Art Basel stages global Modern and contemporary art shows, held annually in Basel, Miami Beach, and Hong Kong. Founded by gallerists in 1970, Art Basel supports the role that galleries play in the nurturing of artists, and the development and promotion of visual arts.
Trust your instincts: Collectors reveal how shows like Art Basel inspire them
Show is a key opportunity to enhance art acquisitions, writes Tracey Furniss
Very few people start by saying "I want to be a collector", says Hong Kong-based art collector Alan Lau. "For me, I wanted something for my office wall. But with more reading, exposure and reflection, collecting rapidly grew into an obsession."
He started collecting local and mainland artists. His first acquisition was by the local graffiti artist King of Kowloon. "You collect what you can relate to," Lau says. "But my collection rapidly grew to include Asian names, and also anything that fits in the few themes that I focus on, which are: text, urbanisation, technology, music."
Lau approached his collection as a private collector and as an advocate for further development of the local art scene. As a board member of Para/Site Art Space and a member of the Tate Asia-Pacific Acquisition Committee, Lau became the first local patron of M+, when he donated a performance piece, Two Guards Kissing by Tino Sehgal.
Another ardent art collector and fan of works by local artists is architect and installation artist William Lim. "I love looking at other people's work," he says. "I have been collecting since 2004.
"I always wanted to be an artist, but focused on architecture," says Lim, who is known for incorporating artistic elements into his architectural and design pieces.
He was able to indulge in his passion later on and has produced some larger-than-life public installations around Hong Kong in recent years, such as the 37-metre-long giant fish lantern made out of small Chinese lanterns at Victoria Park as part of the Mid-Autumn Festival's Lantern Wonderland 2011 and last year's West Kowloon pop-up traditional bamboo theatre.
"I never look at collecting art so much as an investment - some are not easy to resell - but I enjoy collecting works that tell a story," Lim says. "[Art pieces] can tell a story about yourself; it can represent a place, an event. Art documents a collector's life or a certain group of artists."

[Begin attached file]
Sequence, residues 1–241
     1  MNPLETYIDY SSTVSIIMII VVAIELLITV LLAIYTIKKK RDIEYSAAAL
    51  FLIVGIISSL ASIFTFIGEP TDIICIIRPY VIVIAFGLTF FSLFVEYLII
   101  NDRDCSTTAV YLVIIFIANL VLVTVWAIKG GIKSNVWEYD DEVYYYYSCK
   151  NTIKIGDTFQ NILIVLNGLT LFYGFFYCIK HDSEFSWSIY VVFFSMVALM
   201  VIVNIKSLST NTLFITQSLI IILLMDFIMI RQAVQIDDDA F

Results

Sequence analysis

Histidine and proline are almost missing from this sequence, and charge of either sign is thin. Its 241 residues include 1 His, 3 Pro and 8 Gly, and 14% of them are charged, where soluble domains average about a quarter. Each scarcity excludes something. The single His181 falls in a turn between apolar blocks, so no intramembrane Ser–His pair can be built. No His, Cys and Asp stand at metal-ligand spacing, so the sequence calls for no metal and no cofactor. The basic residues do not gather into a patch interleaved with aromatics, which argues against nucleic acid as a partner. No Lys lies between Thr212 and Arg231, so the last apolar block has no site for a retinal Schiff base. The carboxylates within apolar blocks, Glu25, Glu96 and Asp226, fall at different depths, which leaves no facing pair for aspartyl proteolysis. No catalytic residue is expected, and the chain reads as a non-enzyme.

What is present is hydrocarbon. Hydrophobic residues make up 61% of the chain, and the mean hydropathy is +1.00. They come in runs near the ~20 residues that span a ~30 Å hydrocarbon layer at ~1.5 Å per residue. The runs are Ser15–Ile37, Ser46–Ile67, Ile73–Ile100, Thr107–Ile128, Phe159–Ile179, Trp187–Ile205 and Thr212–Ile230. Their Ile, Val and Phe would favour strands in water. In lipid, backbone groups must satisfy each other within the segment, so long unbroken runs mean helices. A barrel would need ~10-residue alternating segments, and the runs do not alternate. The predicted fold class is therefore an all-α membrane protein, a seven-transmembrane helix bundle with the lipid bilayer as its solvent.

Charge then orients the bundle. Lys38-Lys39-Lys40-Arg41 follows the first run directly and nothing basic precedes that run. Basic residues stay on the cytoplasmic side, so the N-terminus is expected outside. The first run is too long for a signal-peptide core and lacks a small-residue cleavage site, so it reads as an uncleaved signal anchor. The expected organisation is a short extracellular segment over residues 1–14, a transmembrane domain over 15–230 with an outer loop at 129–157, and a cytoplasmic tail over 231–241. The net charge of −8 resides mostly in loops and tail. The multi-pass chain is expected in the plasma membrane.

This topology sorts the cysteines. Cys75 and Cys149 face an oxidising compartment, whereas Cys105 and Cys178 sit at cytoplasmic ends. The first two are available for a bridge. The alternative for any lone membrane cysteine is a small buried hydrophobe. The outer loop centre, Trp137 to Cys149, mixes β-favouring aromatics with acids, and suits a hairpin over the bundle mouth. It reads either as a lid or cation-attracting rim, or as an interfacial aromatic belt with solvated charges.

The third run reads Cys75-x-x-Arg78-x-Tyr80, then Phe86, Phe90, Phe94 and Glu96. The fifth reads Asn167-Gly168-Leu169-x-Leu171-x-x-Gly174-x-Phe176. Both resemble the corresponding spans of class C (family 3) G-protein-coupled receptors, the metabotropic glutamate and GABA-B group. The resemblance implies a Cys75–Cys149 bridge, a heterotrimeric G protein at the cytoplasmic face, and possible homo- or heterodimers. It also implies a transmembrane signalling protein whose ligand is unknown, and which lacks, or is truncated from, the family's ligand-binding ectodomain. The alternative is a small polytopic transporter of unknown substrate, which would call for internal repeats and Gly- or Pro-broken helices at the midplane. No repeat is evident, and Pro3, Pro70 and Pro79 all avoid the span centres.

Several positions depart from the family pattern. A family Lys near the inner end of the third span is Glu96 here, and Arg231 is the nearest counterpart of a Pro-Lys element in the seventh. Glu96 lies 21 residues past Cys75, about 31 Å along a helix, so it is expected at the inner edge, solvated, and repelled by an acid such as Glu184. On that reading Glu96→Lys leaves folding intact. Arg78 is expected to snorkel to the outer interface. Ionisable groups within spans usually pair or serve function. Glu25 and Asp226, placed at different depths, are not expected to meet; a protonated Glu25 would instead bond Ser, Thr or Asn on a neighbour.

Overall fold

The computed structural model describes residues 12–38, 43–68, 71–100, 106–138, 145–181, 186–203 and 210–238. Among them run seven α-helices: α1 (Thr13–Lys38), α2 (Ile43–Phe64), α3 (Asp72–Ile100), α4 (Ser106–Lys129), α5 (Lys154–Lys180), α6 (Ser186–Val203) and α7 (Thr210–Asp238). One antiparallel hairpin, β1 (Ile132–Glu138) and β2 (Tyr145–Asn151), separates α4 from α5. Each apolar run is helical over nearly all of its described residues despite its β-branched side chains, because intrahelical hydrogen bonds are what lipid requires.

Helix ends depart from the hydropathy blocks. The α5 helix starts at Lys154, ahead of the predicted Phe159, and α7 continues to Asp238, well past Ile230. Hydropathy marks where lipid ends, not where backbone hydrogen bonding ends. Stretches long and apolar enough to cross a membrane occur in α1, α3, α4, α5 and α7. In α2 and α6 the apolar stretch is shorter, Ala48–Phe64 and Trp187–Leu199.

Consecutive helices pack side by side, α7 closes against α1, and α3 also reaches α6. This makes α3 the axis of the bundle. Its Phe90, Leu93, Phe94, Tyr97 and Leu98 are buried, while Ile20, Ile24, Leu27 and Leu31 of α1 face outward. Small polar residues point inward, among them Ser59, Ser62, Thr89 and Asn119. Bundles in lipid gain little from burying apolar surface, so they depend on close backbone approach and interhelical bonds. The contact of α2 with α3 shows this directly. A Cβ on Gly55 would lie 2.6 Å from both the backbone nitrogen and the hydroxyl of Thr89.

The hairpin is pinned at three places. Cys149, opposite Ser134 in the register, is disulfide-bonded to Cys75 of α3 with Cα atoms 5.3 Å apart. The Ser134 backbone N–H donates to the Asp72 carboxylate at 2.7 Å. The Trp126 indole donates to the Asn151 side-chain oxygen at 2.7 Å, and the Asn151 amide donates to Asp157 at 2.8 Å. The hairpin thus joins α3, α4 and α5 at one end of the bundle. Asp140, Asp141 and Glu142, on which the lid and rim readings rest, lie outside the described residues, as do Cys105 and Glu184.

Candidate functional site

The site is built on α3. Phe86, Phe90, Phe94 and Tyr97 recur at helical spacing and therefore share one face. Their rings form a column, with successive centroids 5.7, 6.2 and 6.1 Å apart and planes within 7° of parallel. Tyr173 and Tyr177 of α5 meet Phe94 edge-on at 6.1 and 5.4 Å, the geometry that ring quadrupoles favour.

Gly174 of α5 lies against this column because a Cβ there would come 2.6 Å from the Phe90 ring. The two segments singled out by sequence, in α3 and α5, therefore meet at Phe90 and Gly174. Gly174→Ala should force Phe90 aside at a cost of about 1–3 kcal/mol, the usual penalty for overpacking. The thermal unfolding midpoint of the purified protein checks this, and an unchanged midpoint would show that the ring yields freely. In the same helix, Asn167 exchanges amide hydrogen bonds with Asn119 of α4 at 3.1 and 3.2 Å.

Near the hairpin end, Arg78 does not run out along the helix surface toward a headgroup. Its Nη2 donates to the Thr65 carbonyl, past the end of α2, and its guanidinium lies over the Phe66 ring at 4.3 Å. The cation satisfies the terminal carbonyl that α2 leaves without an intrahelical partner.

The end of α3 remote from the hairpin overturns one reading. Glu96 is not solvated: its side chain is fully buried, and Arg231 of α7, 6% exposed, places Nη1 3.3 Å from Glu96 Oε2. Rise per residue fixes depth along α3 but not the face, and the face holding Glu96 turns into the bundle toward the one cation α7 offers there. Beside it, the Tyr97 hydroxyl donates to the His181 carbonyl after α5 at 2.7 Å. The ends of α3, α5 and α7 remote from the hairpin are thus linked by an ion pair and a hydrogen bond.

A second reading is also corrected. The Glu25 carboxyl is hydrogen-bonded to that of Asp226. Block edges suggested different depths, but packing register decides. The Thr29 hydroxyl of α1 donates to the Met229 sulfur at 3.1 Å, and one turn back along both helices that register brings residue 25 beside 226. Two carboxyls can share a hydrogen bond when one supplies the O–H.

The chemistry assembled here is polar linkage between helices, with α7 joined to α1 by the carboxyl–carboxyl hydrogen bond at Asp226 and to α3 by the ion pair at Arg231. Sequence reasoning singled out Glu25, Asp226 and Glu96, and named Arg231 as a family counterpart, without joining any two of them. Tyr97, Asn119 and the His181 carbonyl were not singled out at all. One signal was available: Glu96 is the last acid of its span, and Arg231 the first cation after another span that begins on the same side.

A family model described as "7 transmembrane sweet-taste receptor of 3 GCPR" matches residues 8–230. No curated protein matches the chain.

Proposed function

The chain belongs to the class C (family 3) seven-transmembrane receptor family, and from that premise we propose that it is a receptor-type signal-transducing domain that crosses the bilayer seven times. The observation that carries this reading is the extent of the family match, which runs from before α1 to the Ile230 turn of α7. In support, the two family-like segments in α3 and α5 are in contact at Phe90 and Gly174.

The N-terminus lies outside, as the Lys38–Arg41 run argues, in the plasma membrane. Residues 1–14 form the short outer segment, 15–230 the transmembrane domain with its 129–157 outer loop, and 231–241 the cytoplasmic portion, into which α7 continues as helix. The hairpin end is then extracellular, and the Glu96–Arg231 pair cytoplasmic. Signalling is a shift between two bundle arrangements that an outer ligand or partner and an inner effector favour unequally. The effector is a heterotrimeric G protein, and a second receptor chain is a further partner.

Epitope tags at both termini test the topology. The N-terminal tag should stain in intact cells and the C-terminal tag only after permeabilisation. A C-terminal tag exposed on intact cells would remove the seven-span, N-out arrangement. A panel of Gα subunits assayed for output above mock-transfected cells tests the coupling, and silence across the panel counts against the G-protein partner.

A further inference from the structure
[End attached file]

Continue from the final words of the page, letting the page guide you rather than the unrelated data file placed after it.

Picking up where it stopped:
One story that fascinates him is that of emerging local artist Tang Kwok-hin. "He has a fascinating story," Lim says. "He is from Kam Tin, and he had never been to the city until he was 18 years old. He had a protected rural life. He loved to draw on everything. His parents supported him in his passion."
Tang's works can be seen at Gallery Exit's booth at Hall 1 1B20 at Art Basel.
Lim has collected more than 200 pieces by local artists. "Local artists have a distinct style," he says. "And shows such as Art Basel Hong Kong have changed the careers of local artists, as they have more exposure."
Gallery owner Pascal de Sarthe agrees. "Art Basel Hong Kong is an essential destination for collectors from the Asian region. Most of the collectors come to these events with the intention of making a discovery and purchasing a work of art; however, it all depends on if what they will see at the fair will fit with their collections."
De Sarthe adds that Chinese artists have impacted the art world. "China has become a dominant player on the world stage, and this has impacted international collectors' focus. In terms of contemporary art, we are at a turning point in art history - the younger generation of Chinese artists has witnessed a dynamic change in quotidian living in their home country. The art produced by these Chinese artists has been impacted by these great social, economic and environmental changes. These artists are now active participants in the international forum of contemporary art."
"The art world is very global, as all other markets are today," says Rachel Lehmann, founding partner of Lehmann Maupin Gallery, New York and Hong Kong. Lehmann sees Art Basel Hong Kong as a unique opportunity for collectors to view a balance of Asian and Western art.
"Collectors in Asia might buy at New York and London fairs, and Western collectors might buy preferably in Asia. Art Basel Hong Kong is a unique opportunity to see 50 per cent of Asian and Western art at the same time.
"Art by artists in Asia is very well received by collectors, both in the East and West," she adds. "We have staged New York shows by artists Liu Wei, MR and Do Ho Suh, and have just opened Lee Bul's fourth exhibition with the gallery, all to enormous success. Collecting trends in Asia have been developing quickly. The Asian market wants to be knowledgeable and to better understand other trends and markets. There is real curiosity and interest in understanding different cultures as well."
Collectors now enjoy the conveniences of technology, with many making purchases via digital images viewed online.
"I probably bought 80 per cent of my works in the past year having looked at only digital images, either from galleries or online auction catalogues," Lau says. "Obviously, that's also because I know the galleries, the artists and probably the series of work already, so I have the confidence to go ahead with the purchase. In these cases, the trust is already there, which is the key. The internet is great for the hyperactive, curious, info-hungry collectors. Companies like Artshare.com are also innovating by bringing together curated shows online. I have bought from them already."
For collectors who are just starting out, Lim says: "Trust your instincts - don't rely solely on galleries. Research what an artist has done already and if a good international show has given their stamp of approval."